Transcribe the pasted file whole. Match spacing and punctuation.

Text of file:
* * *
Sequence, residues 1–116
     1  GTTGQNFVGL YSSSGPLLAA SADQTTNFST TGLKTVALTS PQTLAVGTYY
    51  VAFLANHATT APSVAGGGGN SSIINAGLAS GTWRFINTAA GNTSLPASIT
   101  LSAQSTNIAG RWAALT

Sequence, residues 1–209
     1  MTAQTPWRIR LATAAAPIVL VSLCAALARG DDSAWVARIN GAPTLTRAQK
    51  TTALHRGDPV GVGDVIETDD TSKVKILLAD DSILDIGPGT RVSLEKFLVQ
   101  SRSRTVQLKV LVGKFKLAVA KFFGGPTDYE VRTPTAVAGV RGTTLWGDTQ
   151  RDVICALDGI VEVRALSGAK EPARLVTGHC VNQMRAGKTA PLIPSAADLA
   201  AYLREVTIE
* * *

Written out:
Sequence, residues 1–116
     1  GTTGQNFVGL YSSSGPLLAA SADQTTNFST TGLKTVALTS PQTLAVGTYY
    51  VAFLANHATT APSVAGGGGN SSIINAGLAS GTWRFINTAA GNTSLPASIT
   101  LSAQSTNIAG RWAALT

Sequence, residues 1–209
     1  MTAQTPWRIR LATAAAPIVL VSLCAALARG DDSAWVARIN GAPTLTRAQK
    51  TTALHRGDPV GVGDVIETDD TSKVKILLAD DSILDIGPGT RVSLEKFLVQ
   101  SRSRTVQLKV LVGKFKLAVA KFFGGPTDYE VRTPTAVAGV RGTTLWGDTQ
   151  RDVICALDGI VEVRALSGAK EPARLVTGHC VNQMRAGKTA PLIPSAADLA
   201  AYLREVTIE